Johnson County Museum’s “All-Electric House” will be decorated for Christmas through January 5, 2019. It is a part of the main “Becoming Johnson County” exhibit, and is included in regular museum admission: $5 adults, $4 seniors, $3 children. Museum members gain free admission. The museum is open Monday through Saturday, 9:00am to 4:30pm.
Each year, Johnson County Museum staff transform the All-Electric House’s interior and exterior into a Mid-century Christmas wonderland, placing holiday touches throughout the home that make it appear as though a 1950s family lives there. Christmas cookie cutters in the kitchen. A child’s red velvet dress in the nursery. A Santa hat hanging on the bedpost. And of course, the iconic aluminum Christmas tree, front and center in the living room.
During the 1950s, the United States experienced a rapid increase in both personal and national economic growth. The prosperity was evident in the increase in the consumption of goods, especially during the Christmas season. In 1954, the year the All-Electric House was built, the Kansas City Times reported that sales in the area would top the previous year, and were “showing signs of breaking the all-time record established in 1952.” This increase in consumerism was due in large part to increased advertising. While the newspaper and magazine were still the primary form of advertising in 1954, the proliferation of the television set in American middle-class homes presented a new and powerful marketing medium. Toys and tie-in products from popular television shows, such as “Davy Crockett” and “Roy Rogers Show,” were among the most popular Christmas gifts in the mid-1950s.In post-World War II Johnson County, the automobile and new suburban developments compelled stores to move out of downtown Kansas City. Prairie Village’s shopping center was built in 1948. Others, such as RanchMart and Mission shopping centers, were completed in the 1950s. They epitomized the contrast to traditional downtown storefront shopping. The Mission Shopping Center was a large indoor complex that “embodied everything modern in shopping convenience and a large acreage set aside for parking space.”
Accompanying these societal changes, Christmas traditions and decorations were reinvented and updated to reflect the modern, post-war culture. Decorating books and magazines from the 1950s advised housewives to abandon the traditional red and green colors of Christmases past and choose a color scheme that complemented their own home décor. Chemically treated logs ablaze in the fireplace, candle arrangements, a display of Christmas cards received, wreaths, electric candles in the windows, and sleigh bells on the doors were part of the recommended decorations to create a festive atmosphere in the home. Outdoor Christmas lights were advertised heavily after 1947, when GE was finally confident they could produce enough lights to meet demand. Their parallel lighting system allowed the strand to stay lit if one light burned out. By the 1950s, suburbs were home to some of the first do-it-yourself outdoor Christmas light displays
Artificial trees were advertised as a safer, more responsible alternative to fresh-cut evergreen trees as early as the 1890s. Historian Karal Ann Marling wrote, “By the 1950s, after a decade of wartime privation and drab uniformity, color—bright, unnatural shades—assumed enormous importance in all sorts of consumer products, from cars to cake mixes. Even Christmas trees reflected the dominant trend in the 1950s toward artificiality, new materials, hot pastels, and tactile surfaces. The chubby ‘bottle-brush’ tree of nylon, the glow-in-the-dark tree, and trees of Lucite, shredded aluminum, spun glass fibers, or tinted plastics all flourished.”* They were available in minty green, glittery silver, shocking pink, or winter white.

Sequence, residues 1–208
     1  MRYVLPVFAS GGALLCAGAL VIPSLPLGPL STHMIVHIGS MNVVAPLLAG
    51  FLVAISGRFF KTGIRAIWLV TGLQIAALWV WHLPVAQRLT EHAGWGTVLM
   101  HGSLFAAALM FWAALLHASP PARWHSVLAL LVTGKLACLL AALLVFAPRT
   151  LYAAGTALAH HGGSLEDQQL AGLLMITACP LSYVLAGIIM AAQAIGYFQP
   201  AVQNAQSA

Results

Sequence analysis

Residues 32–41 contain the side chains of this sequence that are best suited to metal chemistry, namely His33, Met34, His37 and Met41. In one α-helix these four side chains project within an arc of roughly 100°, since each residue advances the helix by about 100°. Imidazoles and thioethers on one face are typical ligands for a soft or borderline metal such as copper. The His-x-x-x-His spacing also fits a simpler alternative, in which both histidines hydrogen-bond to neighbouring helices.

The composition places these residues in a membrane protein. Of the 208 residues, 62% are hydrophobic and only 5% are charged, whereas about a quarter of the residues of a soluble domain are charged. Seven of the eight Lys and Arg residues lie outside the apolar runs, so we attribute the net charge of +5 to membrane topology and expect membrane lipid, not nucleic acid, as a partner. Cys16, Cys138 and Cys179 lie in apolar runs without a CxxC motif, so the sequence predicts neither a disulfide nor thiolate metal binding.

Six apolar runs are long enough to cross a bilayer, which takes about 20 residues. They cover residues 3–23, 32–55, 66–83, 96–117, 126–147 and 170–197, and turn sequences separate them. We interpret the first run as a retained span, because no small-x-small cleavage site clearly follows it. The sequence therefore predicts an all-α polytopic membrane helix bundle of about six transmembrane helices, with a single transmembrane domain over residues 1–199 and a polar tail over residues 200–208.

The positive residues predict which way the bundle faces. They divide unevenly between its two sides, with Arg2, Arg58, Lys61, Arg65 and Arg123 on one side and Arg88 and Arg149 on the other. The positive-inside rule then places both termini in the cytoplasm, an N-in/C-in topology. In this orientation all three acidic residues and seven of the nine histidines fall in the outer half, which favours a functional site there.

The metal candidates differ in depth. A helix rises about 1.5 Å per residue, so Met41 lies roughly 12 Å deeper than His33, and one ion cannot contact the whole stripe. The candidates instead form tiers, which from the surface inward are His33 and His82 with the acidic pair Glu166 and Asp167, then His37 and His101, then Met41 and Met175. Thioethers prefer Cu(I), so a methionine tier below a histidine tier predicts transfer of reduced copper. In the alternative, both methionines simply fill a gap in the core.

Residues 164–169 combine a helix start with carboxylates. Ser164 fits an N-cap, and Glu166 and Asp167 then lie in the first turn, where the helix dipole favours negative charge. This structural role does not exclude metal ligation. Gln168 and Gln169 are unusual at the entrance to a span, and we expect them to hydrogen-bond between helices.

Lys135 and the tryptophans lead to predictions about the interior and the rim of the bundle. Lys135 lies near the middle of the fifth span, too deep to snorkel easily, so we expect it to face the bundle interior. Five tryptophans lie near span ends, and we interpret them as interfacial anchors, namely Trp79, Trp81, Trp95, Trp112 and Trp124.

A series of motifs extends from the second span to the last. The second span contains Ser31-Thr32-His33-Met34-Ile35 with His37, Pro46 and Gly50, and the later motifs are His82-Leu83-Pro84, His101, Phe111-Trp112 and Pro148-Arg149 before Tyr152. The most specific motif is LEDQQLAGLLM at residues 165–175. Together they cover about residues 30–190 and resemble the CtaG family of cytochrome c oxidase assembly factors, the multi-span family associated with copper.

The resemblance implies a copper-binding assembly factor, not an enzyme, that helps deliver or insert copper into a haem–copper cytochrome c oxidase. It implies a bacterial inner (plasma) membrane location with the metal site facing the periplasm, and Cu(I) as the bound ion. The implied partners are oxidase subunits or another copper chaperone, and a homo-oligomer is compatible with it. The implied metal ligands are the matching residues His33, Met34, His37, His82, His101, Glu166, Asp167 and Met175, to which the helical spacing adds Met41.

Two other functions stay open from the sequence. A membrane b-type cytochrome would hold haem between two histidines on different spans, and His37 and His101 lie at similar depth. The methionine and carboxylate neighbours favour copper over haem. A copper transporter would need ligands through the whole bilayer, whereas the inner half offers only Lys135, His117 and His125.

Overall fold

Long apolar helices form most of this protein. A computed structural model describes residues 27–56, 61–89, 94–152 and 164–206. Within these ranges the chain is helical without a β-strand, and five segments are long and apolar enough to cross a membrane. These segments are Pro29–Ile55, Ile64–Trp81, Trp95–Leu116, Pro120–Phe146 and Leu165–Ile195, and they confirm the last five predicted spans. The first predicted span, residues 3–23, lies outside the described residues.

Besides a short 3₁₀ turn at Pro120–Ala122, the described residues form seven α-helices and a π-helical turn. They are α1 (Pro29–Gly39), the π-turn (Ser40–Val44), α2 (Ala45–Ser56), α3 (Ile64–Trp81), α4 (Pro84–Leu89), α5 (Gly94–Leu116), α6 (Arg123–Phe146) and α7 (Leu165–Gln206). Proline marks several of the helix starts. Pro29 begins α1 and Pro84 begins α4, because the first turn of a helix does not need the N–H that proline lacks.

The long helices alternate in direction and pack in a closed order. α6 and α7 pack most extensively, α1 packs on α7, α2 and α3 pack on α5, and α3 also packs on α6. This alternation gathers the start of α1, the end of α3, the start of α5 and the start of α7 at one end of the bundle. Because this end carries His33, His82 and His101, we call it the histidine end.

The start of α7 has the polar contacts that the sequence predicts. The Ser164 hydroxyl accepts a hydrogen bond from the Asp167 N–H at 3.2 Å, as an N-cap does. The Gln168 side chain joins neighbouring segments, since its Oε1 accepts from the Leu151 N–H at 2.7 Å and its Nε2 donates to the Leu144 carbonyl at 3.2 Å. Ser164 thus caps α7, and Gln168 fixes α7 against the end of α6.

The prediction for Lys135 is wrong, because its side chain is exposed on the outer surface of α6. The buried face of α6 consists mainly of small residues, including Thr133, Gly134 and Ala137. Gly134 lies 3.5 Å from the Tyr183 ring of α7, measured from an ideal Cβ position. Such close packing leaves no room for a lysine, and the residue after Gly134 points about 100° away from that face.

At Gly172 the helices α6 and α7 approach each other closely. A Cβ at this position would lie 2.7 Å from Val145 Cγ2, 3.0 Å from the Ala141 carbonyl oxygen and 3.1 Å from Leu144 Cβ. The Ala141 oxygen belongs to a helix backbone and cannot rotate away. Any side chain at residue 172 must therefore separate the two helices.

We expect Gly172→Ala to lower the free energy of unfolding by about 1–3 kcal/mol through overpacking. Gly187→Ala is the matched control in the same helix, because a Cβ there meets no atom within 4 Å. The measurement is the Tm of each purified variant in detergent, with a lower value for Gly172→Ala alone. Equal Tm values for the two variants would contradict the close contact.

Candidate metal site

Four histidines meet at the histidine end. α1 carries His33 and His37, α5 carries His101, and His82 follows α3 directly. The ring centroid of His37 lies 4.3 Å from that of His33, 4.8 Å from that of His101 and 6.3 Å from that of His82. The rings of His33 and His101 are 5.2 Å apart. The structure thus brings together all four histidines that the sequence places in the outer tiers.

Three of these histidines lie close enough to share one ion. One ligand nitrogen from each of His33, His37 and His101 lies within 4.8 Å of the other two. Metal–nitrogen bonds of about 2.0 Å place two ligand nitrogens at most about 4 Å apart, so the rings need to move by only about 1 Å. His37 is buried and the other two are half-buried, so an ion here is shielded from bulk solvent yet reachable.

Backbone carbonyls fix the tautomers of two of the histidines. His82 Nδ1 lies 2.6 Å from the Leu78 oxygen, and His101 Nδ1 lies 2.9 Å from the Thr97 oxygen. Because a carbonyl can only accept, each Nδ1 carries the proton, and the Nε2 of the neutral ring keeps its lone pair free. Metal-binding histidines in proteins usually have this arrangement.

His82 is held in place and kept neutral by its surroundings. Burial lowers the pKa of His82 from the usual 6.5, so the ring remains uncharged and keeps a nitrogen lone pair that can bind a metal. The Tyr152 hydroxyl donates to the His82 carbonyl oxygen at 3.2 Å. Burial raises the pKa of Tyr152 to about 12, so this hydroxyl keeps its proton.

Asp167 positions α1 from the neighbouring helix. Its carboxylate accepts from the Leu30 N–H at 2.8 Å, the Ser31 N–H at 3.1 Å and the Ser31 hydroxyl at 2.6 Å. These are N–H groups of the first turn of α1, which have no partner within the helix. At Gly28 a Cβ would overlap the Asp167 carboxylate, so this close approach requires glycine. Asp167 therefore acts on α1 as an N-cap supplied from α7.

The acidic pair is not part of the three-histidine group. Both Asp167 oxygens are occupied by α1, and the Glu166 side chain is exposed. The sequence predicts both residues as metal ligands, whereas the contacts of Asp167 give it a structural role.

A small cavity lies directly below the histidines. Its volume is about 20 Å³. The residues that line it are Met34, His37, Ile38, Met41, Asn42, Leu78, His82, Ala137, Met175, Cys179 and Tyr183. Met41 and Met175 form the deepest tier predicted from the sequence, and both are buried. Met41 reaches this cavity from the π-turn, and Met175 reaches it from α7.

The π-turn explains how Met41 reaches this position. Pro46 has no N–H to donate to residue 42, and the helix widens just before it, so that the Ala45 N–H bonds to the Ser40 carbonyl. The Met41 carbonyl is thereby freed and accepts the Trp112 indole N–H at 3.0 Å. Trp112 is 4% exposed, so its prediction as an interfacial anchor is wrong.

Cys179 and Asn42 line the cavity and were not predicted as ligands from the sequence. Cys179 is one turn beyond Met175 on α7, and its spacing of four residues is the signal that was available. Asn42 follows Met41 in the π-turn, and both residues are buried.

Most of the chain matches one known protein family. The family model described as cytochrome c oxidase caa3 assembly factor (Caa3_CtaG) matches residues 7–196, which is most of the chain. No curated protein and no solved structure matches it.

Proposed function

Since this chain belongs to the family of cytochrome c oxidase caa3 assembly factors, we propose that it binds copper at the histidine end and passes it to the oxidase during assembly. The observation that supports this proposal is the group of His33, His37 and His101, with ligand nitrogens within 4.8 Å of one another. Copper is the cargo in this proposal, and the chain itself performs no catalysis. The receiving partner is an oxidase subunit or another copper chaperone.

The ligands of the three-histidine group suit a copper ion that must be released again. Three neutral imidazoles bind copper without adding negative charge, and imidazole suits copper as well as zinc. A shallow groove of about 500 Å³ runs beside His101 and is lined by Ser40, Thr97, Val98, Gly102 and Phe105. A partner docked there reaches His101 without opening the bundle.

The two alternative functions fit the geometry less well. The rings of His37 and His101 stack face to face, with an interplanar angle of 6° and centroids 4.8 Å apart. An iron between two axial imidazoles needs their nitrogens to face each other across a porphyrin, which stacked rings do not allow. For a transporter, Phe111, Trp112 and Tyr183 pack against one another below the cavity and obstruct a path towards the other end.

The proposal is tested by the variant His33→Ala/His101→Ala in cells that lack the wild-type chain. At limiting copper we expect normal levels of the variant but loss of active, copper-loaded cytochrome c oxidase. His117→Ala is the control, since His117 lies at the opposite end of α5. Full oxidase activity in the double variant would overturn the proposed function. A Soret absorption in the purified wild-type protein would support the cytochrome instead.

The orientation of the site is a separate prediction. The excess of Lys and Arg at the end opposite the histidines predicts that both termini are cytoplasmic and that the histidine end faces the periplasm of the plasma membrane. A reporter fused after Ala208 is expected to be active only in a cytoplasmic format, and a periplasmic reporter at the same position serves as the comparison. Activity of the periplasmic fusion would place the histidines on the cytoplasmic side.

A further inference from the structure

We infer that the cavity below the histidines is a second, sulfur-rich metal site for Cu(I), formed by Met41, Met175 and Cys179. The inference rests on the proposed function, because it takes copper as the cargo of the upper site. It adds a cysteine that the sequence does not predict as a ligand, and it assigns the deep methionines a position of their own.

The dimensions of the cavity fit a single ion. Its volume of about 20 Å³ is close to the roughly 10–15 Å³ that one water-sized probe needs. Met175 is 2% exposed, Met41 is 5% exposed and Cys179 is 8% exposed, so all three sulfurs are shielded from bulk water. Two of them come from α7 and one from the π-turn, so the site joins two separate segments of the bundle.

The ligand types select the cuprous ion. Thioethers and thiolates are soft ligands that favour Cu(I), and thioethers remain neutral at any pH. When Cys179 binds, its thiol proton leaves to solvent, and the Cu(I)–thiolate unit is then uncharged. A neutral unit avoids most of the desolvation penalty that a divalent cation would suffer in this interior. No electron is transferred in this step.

The aluminum Christmas tree, such as the one inside the All-Electric House, was first produced commercially in 1959. When the “forever tree” was unveiled to an American public who was used to driving to Christmas tree farms and strapping a tree to the roof of the car, shockwaves of modernity ran through stores, decorating magazines, and middle-class living rooms. Aluminum Specialty Company’s “Evergleam” tree was but one of many companies that produced the newest, modern Christmas fad. Decorated with “Shiny Brite” glass ornaments of non-traditional blue, silver, and pink, and lit by indoor spotlights or by a rotating color wheel, the aluminum Christmas tree quickly caught on in American households. By 1963, it was a staple in Sears Christmas Book, and sold in many other department stores. Journalist Tom Vanderbilt wrote (perhaps somewhat tongue-in-cheek): “The aluminum tree was a shining beacon to the optimism of the Space Age, a monument of Pop modernism, and proof of American manufacturing prowess. Where else but in a country that had conquered a sprawling and primeval wilderness could Nature herself be improved upon?”**
Despite the commercialization and emphasis on artificiality in the 1950s, Christmas still held much of its traditional meaning for Americans. The focus on religion, family, and friends remained strong. Thoughtful gifts and family get-togethers held their usual place of importance. Music and food remained at the center of Christmas festivities. Although the look of the mid-century Christmas might have been shiny, modern, and new, the nostalgia of being “home for the holidays” was as important as ever.
* Quote from Merry Christmas! Celebrating America’s Greatest Holiday, by Karal Ann Marling.
** Quote from Tom Vanderbilt’s essay “Trees for an Age of Glitter,” in Season’s Gleamings: The Art of the Aluminum Christmas Tree, by J. Shimon and J. Lindemann.